Top Ten Tuesday: Favorite Sibling Relationships in Literature

This week’s Top Ten Tuesday prompt is Platonic Relationships In Books (friendships, parent/child, siblings, family, etc.). By now, you probably know how much I adore books with sibling relationships. Brothers and brothers, sisters and sisters, brothers and sisters—give me all of them! Here are ten sibling relationships from books that I love.

The Bennets from Pride and Prejudice by Jane Austen: This one is a given. I adore the sibling relationships in all of Austen’s books (and I even wrote a paper once arguing her books are actually about family ties and not romance), but the Bennet sisters take the cake. They aren’t perfect, but they love each other. I love how they are portrayed in Pride and Prejudice and Zombies.

The Connollys from The Scorpio Races by Maggie Stiefvater: Maybe it’s because I just reread this book, but I freaking love Puck’s relationships with her brothers. I love how each one is different and how realistic they felt. Plus, Finn is a great brother and Gabe, despite how crappy he acts, tries to hard for his family. They all just make me want to cry.

The Weasleys from the Harry Potter series by J.K. Rowling: Of course, a list of siblings from books wouldn’t be complete without the extensive Weasley family. I think just the idea of their family makes me warm and happy. They definitely fight and tease one another, but you can tell they love each other a lot.

Percy and Tyson from the Percy Jackson series by Rick Riordan: This sibling pair is probably the most surprising of them all, but I still love how gentle and kind Percy is toward Tyson, even when Tyson annoys him by being, well, Tyson. Plus, Tyson’s unwavering loyalty to Percy is something to be admired.

Meg and Charles Wallace from A Wrinkle in Time by Madeleine L’Engle: Meg and Charles Wallace’s relationship is definitely unique. They understand each other in a way their other brothers, Sandy and Dennys, do not. Plus, Meg will literally do whatever it takes to save her brother, which is incredible.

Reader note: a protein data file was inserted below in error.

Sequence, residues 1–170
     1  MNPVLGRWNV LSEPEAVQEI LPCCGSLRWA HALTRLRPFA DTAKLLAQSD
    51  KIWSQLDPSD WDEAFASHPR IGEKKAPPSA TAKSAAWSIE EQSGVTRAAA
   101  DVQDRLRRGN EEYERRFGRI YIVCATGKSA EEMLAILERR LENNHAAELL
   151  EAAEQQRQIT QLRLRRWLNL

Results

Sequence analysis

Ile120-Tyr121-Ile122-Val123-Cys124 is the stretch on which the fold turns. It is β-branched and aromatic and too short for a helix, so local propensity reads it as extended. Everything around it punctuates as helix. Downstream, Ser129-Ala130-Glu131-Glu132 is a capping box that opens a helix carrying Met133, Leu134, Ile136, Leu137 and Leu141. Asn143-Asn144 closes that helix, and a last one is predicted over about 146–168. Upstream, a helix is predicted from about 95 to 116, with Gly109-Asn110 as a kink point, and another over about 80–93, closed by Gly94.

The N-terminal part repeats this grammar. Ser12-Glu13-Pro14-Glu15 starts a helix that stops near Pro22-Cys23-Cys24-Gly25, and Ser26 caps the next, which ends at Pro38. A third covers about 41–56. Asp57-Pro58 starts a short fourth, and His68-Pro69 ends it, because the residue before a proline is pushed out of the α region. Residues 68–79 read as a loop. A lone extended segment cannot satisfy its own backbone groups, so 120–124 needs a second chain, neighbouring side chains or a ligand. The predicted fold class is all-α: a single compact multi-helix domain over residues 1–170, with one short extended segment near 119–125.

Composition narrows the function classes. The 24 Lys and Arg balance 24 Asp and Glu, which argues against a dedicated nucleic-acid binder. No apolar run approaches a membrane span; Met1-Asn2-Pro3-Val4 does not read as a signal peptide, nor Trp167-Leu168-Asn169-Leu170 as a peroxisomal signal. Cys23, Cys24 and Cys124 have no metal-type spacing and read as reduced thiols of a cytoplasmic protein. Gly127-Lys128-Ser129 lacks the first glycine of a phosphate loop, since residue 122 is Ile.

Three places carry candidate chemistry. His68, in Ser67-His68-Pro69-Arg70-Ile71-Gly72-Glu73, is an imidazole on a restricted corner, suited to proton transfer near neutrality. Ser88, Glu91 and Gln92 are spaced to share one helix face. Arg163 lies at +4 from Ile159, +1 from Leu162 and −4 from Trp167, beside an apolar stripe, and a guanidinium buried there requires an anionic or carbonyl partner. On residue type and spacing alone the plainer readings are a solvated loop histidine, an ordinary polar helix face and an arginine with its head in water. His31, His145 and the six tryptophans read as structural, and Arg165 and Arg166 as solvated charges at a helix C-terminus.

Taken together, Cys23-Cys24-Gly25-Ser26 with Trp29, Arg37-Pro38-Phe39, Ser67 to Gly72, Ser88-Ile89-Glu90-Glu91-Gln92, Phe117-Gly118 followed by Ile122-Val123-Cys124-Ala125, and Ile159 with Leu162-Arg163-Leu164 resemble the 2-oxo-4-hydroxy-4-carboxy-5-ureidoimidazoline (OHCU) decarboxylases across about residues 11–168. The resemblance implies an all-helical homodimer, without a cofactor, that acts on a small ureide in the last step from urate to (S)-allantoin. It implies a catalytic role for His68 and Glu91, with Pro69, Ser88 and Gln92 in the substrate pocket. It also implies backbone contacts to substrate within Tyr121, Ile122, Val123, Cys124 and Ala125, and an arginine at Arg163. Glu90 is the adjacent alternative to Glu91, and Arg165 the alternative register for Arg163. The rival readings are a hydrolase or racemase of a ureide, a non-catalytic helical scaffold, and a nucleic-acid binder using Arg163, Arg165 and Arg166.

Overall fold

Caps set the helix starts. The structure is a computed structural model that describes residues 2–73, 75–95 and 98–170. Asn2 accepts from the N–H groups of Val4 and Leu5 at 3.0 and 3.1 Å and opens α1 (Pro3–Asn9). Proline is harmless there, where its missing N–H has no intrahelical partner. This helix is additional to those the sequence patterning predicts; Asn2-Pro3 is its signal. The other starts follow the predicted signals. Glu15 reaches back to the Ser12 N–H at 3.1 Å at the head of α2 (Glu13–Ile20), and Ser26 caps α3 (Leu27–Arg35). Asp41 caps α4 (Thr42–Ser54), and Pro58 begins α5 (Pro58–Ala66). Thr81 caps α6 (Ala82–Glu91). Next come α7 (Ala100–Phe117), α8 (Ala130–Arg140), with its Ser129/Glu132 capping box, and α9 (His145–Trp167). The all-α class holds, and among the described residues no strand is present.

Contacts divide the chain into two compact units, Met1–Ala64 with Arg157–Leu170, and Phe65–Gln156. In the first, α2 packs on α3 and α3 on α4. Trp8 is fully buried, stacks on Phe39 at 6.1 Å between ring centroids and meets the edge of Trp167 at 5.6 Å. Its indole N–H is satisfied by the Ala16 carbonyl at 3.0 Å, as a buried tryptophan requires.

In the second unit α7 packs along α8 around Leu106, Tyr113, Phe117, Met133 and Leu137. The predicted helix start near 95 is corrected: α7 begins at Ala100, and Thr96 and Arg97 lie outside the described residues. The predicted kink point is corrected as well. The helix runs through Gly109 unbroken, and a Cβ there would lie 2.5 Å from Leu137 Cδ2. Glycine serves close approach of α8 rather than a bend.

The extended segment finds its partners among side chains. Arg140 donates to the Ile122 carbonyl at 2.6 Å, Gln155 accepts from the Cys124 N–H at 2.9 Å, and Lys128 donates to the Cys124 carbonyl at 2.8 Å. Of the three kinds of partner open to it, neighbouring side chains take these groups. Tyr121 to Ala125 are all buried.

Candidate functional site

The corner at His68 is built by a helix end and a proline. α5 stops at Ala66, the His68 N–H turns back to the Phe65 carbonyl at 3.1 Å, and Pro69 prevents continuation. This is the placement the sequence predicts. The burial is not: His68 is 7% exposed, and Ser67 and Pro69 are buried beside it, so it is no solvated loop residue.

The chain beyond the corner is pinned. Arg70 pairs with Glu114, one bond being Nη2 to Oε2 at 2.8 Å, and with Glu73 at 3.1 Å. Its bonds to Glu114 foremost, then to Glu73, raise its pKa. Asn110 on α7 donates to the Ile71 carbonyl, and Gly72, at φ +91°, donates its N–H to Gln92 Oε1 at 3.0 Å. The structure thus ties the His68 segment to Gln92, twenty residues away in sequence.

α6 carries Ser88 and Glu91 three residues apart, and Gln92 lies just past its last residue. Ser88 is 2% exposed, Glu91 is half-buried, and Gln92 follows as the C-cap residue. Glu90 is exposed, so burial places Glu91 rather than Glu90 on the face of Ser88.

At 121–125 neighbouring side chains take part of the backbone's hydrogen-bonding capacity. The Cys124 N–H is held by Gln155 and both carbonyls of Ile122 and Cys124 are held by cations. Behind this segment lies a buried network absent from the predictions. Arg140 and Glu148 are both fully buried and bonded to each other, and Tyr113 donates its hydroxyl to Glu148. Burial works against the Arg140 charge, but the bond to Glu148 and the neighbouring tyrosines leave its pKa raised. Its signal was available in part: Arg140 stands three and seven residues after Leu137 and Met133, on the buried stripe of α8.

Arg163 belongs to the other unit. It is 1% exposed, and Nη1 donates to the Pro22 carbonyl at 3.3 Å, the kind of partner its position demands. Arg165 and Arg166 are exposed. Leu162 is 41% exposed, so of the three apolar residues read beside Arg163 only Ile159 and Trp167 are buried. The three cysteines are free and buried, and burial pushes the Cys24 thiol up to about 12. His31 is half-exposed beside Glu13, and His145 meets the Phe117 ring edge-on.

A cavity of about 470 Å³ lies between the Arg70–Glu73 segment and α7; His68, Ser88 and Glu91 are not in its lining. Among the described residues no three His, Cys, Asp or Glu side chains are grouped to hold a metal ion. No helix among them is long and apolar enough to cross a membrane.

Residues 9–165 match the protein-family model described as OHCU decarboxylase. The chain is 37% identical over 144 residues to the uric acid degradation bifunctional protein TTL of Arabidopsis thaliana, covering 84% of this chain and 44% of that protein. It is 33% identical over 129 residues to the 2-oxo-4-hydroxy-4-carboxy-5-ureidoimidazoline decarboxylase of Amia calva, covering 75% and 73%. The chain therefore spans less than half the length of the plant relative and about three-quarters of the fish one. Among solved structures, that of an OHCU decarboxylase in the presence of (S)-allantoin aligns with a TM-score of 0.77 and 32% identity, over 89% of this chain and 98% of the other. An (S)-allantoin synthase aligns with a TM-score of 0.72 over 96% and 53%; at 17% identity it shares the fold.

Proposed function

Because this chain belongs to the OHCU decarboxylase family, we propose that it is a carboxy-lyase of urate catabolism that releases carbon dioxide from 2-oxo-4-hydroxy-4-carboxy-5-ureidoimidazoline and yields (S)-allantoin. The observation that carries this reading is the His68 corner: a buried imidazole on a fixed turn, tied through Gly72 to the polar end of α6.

Katniss and Prim from The Hunger Games trilogy by Suzanne Collins: I will 100% stick by the fact that The Hunger Games is not a romance but a story about two sisters. Everything Katniss does is for her sister from volunteering as tribute to pretending for the Capitol. It’s not about her protecting Peeta or Gale or choosing between them. It’s about Katnis choosing her sister over and over. And it still breaks my heart after all these years.

Aila and Miles from The Disappearances by Emily Bain Murphy: One of my favorite aspects of this book was the sibling relationship between Aila and Miles. While I don’t have a younger brother, I could see how realistic their relationship was. They fight, they play word games with each other, they stick up for each other, they reprimand each other, and they understand each other.

Gabi and Lia from the River of Time series by Lisa T. Bergren: When I first read the River of Time books, I noticed how similar Gabi and Lia were to my own older sister and me. It was almost uncanny. (Which is crazy because one of Lisa’s other series is about three siblings that also match myself and my two siblings.) Like with many of the books on this list, these sisters fight for one another and have a close bond that reflects my own sister relationship.

Boromir and Faramir from Lord of the Rings by J.R.R. Tolkien: Say what you will about Boromir, but he is a wonderful older brother. I love how much Boromir and Faramir care for one another, even if their father plays favorites.

The Pevensies from The Chronicles of Narnia by C.S. Lewis: Of course, my favorite sibling relationships from books are the Pevensies from the Narnia books. I love how all four exhibit different traits that help them lead Narnia and that while they aren’t perfect, they do care for one another. (Yes, even Edmund after he is forgiven.) Plus, their banter is perfect.

What sibling relationships from literature do you love? Don’t forget to join the link-up!

6 thoughts on “Top Ten Tuesday: Favorite Sibling Relationships in Literature

  1. Great list! I didn’t think about doing mine just about siblings. You’re right about so many of these — I have the Pevensies on my list, but I didn’t think to include Katniss & Prim, Meg & Charles Wallace, or Boromir & Faramir on mine. (Also, you’re 100% right about The Hunger Games being about the sibling relationship and not a romance.)

    Liked by 1 person

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